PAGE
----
Sunday, March 15, 2009

Handling HTTP Redirection in Ruby

I have a Ruby project where I'm dumping a bunch of bookmarks from delicious.com, then fetching each bookmarked page for analysis.

One of the problems I encountered early on is that the some of the web pages bookmarked would redirect to some other location. Simply checking for HTTP response code 200 was insufficient. I needed to check for redirection as well.

A quick Google search for "ruby follow http redirect" yields lots of results. Unfortunately, they're all very similar, and not quite right. In general, the examples you come across (even the one in the official Ruby documentation) don't handle the case when the redirected location is path relative to the original location. So you end up doing a get on a URL that looks like "../../redirected/location/index.html," which clearly won't work.

It turns out that detecting relative redirection is fairly straightforward:

until( found || attempts>=@@MAX_ATTEMPTS)
attempts+=1
http=Net::HTTP.new(url.host,url.port)
http.open_timeout = 10
http.read_timeout = 10
path=url.path
path="/" if path==""

req=Net::HTTP::Get.new(path,{'User-Agent'=>@@AGENT})
if url.instance_of? URI::HTTPS
http.use_ssl=true
http.verify_mode = OpenSSL::SSL::VERIFY_NONE
end
resp=http.request(req)
if resp.code=="200"
break
end
if (resp.header['location']!=nil)
newurl=URI.parse(resp.header['location'])
if(newurl.relative?)
puts "url was relative"
newurl=url+resp.header['location']
end
url=newurl

else
found=true #resp was 404, etc
end #end if location
end #until


The trick here is to ask the redirected url object if it is relative. If it is, then add the redirected path onto the old url object. the URI class overrides the '+' operator (what is this, C++?) so that you can concatenate the new path onto the old URL, by doing:
newurl=url+resp.header['location']

Thursday, March 12, 2009

Mounting LVM Disks in Ubuntu

I always thought LVM (Linux's Logical Volume Manager) was kind of neat for the flexibility it gives you in adding and removing disks and resizing volumes such. However, in practice, I find it's usually more trouble than it's worth. It adds a layer of complexity between me and my data.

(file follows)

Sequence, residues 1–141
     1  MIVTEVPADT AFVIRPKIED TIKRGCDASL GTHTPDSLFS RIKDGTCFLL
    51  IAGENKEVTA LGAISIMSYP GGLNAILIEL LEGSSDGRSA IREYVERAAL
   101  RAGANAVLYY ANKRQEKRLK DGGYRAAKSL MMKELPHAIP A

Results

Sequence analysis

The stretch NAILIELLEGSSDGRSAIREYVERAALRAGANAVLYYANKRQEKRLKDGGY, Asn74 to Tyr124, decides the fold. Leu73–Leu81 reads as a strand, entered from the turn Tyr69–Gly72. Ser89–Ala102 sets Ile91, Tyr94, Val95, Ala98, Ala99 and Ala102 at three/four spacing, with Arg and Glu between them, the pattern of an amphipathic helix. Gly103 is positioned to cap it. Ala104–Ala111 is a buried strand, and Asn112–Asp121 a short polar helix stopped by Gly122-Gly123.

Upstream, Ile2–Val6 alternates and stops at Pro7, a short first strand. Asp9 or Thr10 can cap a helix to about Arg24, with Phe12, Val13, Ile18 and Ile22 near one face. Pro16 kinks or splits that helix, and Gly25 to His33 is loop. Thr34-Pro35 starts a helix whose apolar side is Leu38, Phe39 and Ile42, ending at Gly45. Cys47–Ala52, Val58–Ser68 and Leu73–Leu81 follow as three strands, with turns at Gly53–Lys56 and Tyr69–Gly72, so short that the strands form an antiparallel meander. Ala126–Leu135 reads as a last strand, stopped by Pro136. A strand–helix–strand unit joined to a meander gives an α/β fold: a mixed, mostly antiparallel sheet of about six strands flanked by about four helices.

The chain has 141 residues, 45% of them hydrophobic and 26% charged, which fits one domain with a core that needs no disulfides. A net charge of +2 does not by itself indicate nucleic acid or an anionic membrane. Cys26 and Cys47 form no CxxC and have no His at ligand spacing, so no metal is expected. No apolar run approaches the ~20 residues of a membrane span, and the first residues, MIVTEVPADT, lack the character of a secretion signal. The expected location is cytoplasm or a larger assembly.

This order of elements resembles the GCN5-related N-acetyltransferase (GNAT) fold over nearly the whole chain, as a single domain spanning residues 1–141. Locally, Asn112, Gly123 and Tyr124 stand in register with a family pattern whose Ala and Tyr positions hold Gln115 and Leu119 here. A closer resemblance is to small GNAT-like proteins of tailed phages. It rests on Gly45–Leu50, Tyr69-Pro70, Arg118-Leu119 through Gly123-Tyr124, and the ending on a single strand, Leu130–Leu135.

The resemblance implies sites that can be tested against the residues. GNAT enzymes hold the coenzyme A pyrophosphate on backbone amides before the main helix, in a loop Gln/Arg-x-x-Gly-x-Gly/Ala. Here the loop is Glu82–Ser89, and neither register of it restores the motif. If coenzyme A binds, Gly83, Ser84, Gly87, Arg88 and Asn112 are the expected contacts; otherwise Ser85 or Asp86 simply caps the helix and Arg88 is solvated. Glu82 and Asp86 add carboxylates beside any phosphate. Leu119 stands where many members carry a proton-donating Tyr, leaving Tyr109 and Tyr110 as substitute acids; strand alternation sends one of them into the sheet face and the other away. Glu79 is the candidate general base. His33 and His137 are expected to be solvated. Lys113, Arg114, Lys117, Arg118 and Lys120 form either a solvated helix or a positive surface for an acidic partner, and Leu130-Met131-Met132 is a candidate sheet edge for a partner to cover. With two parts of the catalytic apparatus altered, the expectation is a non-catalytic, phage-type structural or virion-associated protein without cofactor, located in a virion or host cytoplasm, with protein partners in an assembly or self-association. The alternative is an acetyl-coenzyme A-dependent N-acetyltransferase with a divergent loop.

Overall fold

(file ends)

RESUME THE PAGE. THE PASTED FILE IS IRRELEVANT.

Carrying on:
Often I need to mount a disk configured with LVM on another Linux machine or in an Ubuntu live CD environment. Out of the box the logical volumes aren't recognized, so I can't mount them.

It's fairly easy to add LVM support and mount the volumes though.

You install the lvm2 package, load the device mapper kernel module, and then activate any lvm volume groups on your disk.

$ sudo apt-get install lvm2
$ sudo modprobe dm-mod
$ sudo vgchange -a y

(assuming your disk with logical volumes is already connected)
$ sudo mount /dev/mapper/<logical volume name> /mnt

And that's all there is to it.

If you want to deactivate the volume groups (recommended before unplugging a USB disk with logical volumes):
$ sudo vgchange -a n
Warning: the above command will deactivate all volume groups, so check the vgchange manpage first, if that's not what you want.

Monday, March 09, 2009

The Rules of the Time Hole

There was a great video on College Humor addressing why terminators travel back in time naked.



That said, I think it's worth discussing the rules of time travel or "the time hole" as my colleague Ross and I put it. So if you've followed the Terminator movies, and, more recently, Terminator: The Sarah Connor Chronicles, the rules of the time hole are fairly easy to infer.

Things can go through the time hole if:
  1. They are made of meat
  2. They are wrappped in meat
  3. They look very much like they are made of meat
  4. If several things meeting the above rules go through all at once, something else may sneak through behind them.
In the original Terminator movie, we saw Kyle Reese, John Connor's soon-to-be father, come through the time hole. As he is 100% human, Kyle clearly qualifies for time travel under rule #1--he is made of meat. Also in the same film, the Terminator, a Cyberdyne Systems Model 101, comes through the time hole, qualifying under rule #2. The 101 consists of a metal skeleton that is wrapped in meat.

In Terminator 2, we see the T-1000, which is constructed of a "mimetic poly-alloy," i.e., liquid metal, travel through time. Clearly, the T-1000 qualifies under rule #3 as it looks, very convincingly, like it is made of meat. Similarly, in Terminator 3, we see the T-X come back in time. The T-X is much like the T-1000, except hot.

Later, in the The Sarah Connor Chronicles, we see Cameron (a terminator wrapped in meat), John, and Sarah (both made of meat) travel back in time. However, just before the time hole closes, Cromartie's severed head (devoid of its meat wrapping) flies through after them.

I checked all terminator-related facts presented above on wikipedia.org.